After a stint in the U.K. -- densely populated, with narrow roads, loads of traffic, and constricted parking spaces -- I’ll never forget moving back to America and the agoraphobic-like feeling I had as I drove through the vast openness of rural Michigan. I had a similar experience when I turned in AUTOMOBILE’s Four Seasons 2014 Ford Fiesta ST and swapped into the long-term 2015 Volvo V60 T5 Drive-E.

The two cars couldn’t be more dissimilar. The calm, polished nature of the 2015 Volvo V60 is the polar opposite of the manic, focused character of the Fiesta ST. Whereas you drive the Ford like a sex-deprived, pimple-faced teenager, the Swedish wagon brings out the relaxed, pipe-smoking college professor hidden inside you. The 2015 Volvo V60 is just so relaxing and coddling. I soon found myself running the Volvo’s Drive-E powertrain in Eco-plus mode, letting the eager stop/start system and early-shifting eight-speed automatic help save the Earth. Really, what’s the hurry? It’s like I’m on sabbatical.

The V60’s seats are a big part of the experience. Volvo still fits the best benches for your bottom in the business. The optional sport seats in our test car are supportive and comfortable, so much so that fine adjustments are rarely needed on long journeys. The only problem is that we skipped the heating option. But that’s our fault; for only $500 you can add the essential butt warmers. Actually, if you’re particularly switched on you’ll instead pony up $1,550 for the Climate Package. This adds heated seats front and rear, a heated steering wheel, heated windshield washer nozzles, a heated windshield, and an interior air-quality sensor. Leave it to the Scandinavians to offer such a thorough and cosseting package for winter driving.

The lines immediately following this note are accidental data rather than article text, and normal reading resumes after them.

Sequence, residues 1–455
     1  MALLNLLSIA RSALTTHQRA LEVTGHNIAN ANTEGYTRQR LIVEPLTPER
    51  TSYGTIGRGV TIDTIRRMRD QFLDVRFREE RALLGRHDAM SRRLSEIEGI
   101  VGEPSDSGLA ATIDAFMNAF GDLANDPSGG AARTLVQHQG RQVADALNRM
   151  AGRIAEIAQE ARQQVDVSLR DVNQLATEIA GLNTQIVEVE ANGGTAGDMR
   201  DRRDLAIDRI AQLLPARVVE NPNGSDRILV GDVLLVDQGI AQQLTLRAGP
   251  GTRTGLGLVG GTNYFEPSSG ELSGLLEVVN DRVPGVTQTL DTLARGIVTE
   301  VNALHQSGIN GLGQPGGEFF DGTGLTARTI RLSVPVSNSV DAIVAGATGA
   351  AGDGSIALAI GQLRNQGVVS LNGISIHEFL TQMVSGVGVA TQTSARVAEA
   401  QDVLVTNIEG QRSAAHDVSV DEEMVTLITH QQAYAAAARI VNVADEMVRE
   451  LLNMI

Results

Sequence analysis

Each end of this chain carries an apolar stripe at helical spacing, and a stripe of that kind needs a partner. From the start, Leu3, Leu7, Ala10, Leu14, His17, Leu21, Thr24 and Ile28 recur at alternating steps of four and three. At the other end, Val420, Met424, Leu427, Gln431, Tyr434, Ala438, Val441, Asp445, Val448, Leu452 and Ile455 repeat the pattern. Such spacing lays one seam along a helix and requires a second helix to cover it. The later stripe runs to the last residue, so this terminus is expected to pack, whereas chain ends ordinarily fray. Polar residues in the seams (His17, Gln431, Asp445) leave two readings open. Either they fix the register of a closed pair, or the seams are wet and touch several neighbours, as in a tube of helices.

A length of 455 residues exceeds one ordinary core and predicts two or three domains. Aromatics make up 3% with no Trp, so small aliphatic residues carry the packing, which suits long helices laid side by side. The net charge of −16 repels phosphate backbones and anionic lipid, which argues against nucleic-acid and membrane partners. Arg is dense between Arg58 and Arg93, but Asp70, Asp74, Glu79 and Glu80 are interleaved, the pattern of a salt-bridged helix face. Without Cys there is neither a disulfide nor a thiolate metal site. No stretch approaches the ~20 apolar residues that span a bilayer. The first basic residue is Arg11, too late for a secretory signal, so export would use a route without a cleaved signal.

Speaking of cold-weather driving, the snow gods blessed Michigan with their gifts of frozen precipitation early this year. Luckily, we were ahead of the game and had already mounted a set of Bridgestone Blizzak WS80 winter tires ($889.16 including shipping and installation) on the 18-inch wheels (part of the Sport Package). The aggressive rubber adds immense grip to the front-wheel-drive Volvo in the ice and snow, driving home the fact that winter tires are far more important than all-wheel drive. Unfortunately, the blizzard-ready tire setup compromises the driving experience when the weather improves. The soft compound of the Blizzak tires means straight-line stability and ultimate grip in the dry and the rain take a big hit compared with the OEM Continental all-season setup. Unless you live where the roads are regularly covered in snow and ice or the noted compromises are worth the over-the-top security during a wicked storm, I’d seriously consider a less aggressive winter tire.

Less than aggressive is actually a good way to describe the 2015 Volvo V60 overall. It doesn’t overly impress in any one specific way. The Scandinavian station wagon doesn’t handle particularly well when pushed and suffers from annoying torque steer under medium to heavy throttle. The electric power steering offers little feel, and the broken Michigan roads can upset the Sport Package-equipped chassis. But slow down your pace and you quickly appreciate the honesty and depth of the V60. Volvo still builds a comfortable, straightforward, and practical automobile, just as the Swedish automaker has done for years. The V60 is classy and understated. It’s a car you can’t help but appreciate and respect. In a world full of overpromising and underdelivering, the 2015 Volvo V60 is extremely refreshing. Or, as the Brits say, it does exactly what it says on the tin.

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